May 17, 2011 - Updated on January 20, 2016

Journalist freed after three years in prison on baseless charges, plans exile

Reporters Without Borders hails provincial journalist Jesús Lemus Barajas’s release on 11 May and hopes that the authorities will one day explain how he came to be held for three years in the absence of any evidence against him, and compensate him for everything he has suffered. Lemus and his family now plan to go into exile.

The founder and publisher of El Tiempo, a local newspaper in Piedad, in the southwestern state of Michoacán, and a former correspondent of the national daily La Jornada, Lemus was arrested on absolutely baseless drug trafficking charges on 7 May 2008 while investigating drug cartel activity in Cuerámaro, in the neighbouring state of Guanajuato, and was transferred to a high-security prison in Puente Grande (in Jalisco state), five weeks later.

Shortly after his arrest, Reporters Without Borders drew attention to the lack of any hard evidence against him and to the appalling treatment he initially received, which reportedly including beating, torture and death threats.

Lemus was freed under a Guanajuato state judge’s ruling on 11 May that said: “Considering that there are no grounds for even the least suspicion that (Lemus) was linked to drug trafficking or organized crime activities, he is absolved of all charges and is given an acquittal.” His lawyer, Gregorio Medina Salazar, told Reporters Without Borders it overturned the 20-year jail sentence that another Guanajuato state judge passed on Lemus in January.

Lemus is convinced that his work as a journalist was the only reason for his arrest.

“What is clear to me is the government’s hypersensitivity to criticism and the determination of the authorities to use force to obstruct freedom of expression,” he told Reporters Without Borders. “My work was helping to shed light on the relations that exist between government circles and certain drug cartels.”

He said he intended to file a request for asylum in the United States or another country because it was impossible to work as a journalist in Mexico. “During my trial, the authorities did not even recognize that I was a professional journalist. And now that I am no longer in prison, I do not feel safe between the state’s persecution is palpable and I have also received threats from organized crime. I feel as though I am in the middle of this war.”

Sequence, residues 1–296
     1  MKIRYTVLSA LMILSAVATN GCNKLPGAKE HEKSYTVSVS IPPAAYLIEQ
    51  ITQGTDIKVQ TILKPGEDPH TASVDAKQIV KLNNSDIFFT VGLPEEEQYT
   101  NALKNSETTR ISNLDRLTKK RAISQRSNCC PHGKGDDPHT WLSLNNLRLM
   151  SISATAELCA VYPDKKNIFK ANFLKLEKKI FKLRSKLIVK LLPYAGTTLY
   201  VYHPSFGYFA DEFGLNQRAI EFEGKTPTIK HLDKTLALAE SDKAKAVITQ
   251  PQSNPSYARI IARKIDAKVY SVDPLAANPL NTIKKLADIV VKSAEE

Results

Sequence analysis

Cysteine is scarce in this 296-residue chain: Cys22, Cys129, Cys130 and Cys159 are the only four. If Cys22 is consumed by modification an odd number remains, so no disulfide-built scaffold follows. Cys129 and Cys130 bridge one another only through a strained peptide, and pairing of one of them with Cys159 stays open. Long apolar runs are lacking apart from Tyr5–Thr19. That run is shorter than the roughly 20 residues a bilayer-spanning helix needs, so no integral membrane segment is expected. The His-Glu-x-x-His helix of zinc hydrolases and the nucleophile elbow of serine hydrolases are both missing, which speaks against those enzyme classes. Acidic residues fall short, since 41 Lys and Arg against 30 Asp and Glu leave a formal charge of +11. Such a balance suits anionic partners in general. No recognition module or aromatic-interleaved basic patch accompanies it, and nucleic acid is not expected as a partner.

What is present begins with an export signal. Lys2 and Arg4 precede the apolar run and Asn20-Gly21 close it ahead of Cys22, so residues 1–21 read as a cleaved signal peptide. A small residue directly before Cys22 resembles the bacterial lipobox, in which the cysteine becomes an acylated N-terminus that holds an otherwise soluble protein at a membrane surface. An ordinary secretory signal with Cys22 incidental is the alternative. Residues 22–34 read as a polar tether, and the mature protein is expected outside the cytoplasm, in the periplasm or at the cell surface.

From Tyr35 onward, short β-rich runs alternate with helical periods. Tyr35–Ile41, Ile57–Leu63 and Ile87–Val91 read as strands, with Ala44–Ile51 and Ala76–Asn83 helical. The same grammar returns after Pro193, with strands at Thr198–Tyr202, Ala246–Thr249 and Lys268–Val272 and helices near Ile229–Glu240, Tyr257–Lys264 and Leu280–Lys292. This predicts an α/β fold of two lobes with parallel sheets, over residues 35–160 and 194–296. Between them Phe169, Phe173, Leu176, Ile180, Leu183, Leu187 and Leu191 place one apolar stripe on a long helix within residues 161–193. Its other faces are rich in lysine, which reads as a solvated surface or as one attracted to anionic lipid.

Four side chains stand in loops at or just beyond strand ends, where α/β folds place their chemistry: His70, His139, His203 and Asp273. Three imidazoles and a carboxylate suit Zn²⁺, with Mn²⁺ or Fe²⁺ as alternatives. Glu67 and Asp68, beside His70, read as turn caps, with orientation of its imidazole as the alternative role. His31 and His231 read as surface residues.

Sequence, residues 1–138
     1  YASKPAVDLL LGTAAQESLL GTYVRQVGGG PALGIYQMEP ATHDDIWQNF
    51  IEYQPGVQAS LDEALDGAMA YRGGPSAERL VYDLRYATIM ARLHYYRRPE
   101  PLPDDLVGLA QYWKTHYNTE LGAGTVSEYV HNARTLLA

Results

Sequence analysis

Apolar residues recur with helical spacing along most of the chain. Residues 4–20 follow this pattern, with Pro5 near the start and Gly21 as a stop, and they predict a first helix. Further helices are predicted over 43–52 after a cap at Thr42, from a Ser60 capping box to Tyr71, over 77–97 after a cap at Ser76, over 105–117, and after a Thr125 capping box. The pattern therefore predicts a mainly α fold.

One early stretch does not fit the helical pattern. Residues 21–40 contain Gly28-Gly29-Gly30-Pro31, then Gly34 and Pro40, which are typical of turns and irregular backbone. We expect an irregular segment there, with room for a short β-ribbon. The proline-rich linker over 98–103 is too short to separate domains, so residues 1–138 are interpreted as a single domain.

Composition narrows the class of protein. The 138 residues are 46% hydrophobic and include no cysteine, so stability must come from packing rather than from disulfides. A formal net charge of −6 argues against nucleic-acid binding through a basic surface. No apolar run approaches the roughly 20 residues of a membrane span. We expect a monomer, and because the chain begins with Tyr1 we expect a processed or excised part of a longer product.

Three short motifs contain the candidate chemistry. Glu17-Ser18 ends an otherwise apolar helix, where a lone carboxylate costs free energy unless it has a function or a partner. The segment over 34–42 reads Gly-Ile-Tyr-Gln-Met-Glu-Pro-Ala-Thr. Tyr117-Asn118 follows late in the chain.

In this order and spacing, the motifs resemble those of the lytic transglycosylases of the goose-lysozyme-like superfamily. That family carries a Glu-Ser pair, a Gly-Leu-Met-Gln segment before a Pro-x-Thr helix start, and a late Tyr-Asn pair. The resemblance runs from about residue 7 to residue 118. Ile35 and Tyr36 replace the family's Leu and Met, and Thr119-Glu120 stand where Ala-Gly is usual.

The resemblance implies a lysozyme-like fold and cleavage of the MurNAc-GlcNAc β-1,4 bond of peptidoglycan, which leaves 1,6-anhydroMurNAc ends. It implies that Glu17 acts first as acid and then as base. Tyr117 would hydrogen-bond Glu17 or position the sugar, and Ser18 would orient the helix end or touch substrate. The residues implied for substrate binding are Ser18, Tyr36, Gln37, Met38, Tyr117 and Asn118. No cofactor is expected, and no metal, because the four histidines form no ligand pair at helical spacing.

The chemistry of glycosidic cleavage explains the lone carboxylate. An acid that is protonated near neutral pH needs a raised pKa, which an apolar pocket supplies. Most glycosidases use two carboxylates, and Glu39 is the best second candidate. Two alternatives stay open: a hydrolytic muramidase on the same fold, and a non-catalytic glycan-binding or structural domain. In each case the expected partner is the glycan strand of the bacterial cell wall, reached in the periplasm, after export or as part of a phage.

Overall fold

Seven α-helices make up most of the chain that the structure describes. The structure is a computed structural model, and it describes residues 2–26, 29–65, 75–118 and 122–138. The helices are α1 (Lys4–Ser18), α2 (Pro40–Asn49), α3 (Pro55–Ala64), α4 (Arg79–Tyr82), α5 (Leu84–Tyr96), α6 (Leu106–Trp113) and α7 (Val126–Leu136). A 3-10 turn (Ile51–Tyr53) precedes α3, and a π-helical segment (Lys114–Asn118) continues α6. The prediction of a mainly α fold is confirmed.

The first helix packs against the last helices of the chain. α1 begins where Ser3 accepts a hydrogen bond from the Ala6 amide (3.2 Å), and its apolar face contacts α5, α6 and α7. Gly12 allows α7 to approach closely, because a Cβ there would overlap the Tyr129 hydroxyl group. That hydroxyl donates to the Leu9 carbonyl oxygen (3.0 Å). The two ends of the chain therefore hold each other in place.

Michoacán is one of the epicentres of the federal offensive against drug trafficking that President Felipe Calderón launched on 15 December 2006, within days of taking office. This undeclared war is still being waged more than four years later with a toll now put at more than 40,000 dead.

Lemus’s family was harassed and intimidated while he was detained. A score of soldiers searched their home in La Piedad without a warrant on 31 July 2008. After another search on 18 August 2010, a complaint was filed with the Inter-American Court of Human Rights.

On 31 August 2009, the three lawyers then responsible for defending Lemus – Vladimir Camacho Guzmán, Rubén Emmanuel Castro and Gilberto Estrada – were murdered on the road connecting the state of Michoacán with the state of Guanajuato. Reporters Without Borders met members of the Lemus family and the staff of El Tiempo during a fact-finding visit to Mexico in July 2009.

According to the information available to Reporters Without Borders, the release of Lemus and the release a month ago of the last journalist detained in Cuba leave Latin America with just three journalists in prison for reasons directly related to their work – two of them in Peru and the third in Ecuador.

Also read the Reporters Without Borders report “Organized crime: muscling in on the media.”